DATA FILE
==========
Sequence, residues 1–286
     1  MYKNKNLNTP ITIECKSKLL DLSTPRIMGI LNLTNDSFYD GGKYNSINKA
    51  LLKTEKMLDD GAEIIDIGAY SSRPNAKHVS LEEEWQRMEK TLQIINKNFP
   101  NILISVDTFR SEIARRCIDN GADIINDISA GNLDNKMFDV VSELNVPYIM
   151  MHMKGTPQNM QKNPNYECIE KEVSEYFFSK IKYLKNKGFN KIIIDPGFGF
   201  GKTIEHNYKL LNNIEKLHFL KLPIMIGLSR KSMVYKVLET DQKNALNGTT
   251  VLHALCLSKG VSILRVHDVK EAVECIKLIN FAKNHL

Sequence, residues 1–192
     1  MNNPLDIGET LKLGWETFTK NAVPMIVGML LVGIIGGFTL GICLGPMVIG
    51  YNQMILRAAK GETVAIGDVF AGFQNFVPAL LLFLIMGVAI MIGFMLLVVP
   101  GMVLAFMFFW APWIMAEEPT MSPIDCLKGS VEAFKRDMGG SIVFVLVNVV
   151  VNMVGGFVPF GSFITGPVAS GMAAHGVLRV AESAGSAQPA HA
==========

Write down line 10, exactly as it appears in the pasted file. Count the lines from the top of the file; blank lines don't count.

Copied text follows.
    51  YNQMILRAAK GETVAIGDVF AGFQNFVPAL LLFLIMGVAI MIGFMLLVVP